And it’s here where it’s worth mentioning what isn’t being said stateside: the United States are in the “Group of Death”, yes, but that absolutely has something to do with the fact that the United States were the best team in their pot, and the United States are good. Any group that involves them, is, by its nature, more “Death like.”
A closer look at the three sides the Americans will face reflects that possibility. The Ghana match is full of biography and demons, yes– the Black Stars have eliminated the US from the last two World Cups and just this summer sent the US U-20 team home from a youth tournament– but the Black Stars aren’t an invincible force.
Ghana have been the most consistent African country in the world for the past five or six years, and their dominant 6-1 defeat of Egypt and Bob Bradley to nearly seal qualification has been well-documented. The Black Stars defend with an organization you don’t see at very many levels of football, and are, as history has shown, one of the only countries who can match (and probably exceed) the Americans in terms of speed and physicality. But they are prone to fits of inconsistency, falling to non-qualifiers Burkina Faso and Zambia in the past two African continental championships and they, perhaps more so than the United States, suffer from a dangerous lack of depth. They are without question reliant on bulldog Michael Essien in the midfield, where he is flanked by longtime mates Sulley Muntari and Kwadwoh Asamoah. Both Essien and Muntari have been in and out of the team due to injury, or, in Muntari’s case, injury and disinterest, and without their midfield triumvirate they can struggle to score. Kevin Prince-Boateng, whose opening goal should haunt every American fan reading, came out of international retirement for the World Cup qualifying playoff against Egypt, but didn’t play, so there are questions as to what his level of contribution will be as well.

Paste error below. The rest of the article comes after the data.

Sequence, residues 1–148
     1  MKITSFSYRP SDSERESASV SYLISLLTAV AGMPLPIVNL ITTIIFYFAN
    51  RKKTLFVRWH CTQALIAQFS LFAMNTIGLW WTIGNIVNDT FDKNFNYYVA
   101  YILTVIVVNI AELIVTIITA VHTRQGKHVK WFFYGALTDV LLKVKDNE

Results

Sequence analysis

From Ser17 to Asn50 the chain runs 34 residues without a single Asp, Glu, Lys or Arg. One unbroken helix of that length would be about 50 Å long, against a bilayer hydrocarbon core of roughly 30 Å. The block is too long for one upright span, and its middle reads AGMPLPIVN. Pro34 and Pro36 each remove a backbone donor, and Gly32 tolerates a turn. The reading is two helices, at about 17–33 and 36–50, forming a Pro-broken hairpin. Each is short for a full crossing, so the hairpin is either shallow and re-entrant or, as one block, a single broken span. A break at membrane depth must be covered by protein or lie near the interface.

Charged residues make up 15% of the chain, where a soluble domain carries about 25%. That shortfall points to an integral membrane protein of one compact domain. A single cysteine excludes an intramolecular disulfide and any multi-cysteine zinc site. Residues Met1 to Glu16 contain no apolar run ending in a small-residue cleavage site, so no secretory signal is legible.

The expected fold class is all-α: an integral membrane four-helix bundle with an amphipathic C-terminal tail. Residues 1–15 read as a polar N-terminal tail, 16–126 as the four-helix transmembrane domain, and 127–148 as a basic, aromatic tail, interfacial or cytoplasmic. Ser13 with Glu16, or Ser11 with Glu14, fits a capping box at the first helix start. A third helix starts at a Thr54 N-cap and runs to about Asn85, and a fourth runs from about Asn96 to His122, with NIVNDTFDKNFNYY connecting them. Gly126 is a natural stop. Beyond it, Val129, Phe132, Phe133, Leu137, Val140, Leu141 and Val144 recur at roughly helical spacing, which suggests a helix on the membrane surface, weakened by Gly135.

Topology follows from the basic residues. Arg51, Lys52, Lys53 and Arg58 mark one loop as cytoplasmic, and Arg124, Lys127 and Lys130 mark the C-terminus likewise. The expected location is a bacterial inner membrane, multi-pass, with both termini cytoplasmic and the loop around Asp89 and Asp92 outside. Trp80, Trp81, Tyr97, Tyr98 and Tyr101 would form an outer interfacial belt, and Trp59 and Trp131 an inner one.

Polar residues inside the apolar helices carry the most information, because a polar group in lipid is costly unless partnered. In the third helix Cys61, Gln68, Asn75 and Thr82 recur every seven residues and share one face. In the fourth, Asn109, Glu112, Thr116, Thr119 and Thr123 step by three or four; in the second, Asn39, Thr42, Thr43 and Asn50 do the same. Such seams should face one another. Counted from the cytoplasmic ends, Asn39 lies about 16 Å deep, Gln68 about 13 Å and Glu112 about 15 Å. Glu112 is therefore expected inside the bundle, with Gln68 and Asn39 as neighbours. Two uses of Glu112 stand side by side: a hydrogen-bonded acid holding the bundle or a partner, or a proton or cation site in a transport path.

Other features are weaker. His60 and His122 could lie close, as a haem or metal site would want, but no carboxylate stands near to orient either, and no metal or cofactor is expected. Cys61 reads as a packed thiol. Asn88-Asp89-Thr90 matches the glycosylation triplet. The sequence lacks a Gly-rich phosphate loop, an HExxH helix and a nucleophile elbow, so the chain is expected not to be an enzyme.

Beyond Asamoah Gyan (Curse His Bill Buckerner-like name!!), the Ghanians aren’t particularly frightening at forward, and the backline, while compact and organized and familiar with each other, isn’t a “who’s who” of central defenders like you’ll sometimes see at a World Cup, or like you’ll see with another African side, say, the Ivory Coast.
In other words, Ghana are beatable, and the Americans were far more competitive against the Black Stars in 2010 (when they didn’t have as good a team and Ghana weren’t as old) than they were in 2006. Indeed, Clint Dempsey and company dictated that match for large portions of the second half, and were it not for a communication error between Carlos Bocanegra and Jay DeMerit (see in video linked here, but don’t watch it if you’re three or four scotches deep, or at least sign a liability waiver so we don’t get sued)- the Americans would have been favorites to defeat Ghana in penalties.
There’s also the Wyatt Earp factor: not only are the Americans due– they aren’t even seeking revenge. They’ll be seeking a reckoning. And they’ll have six months to prepare to deliver one.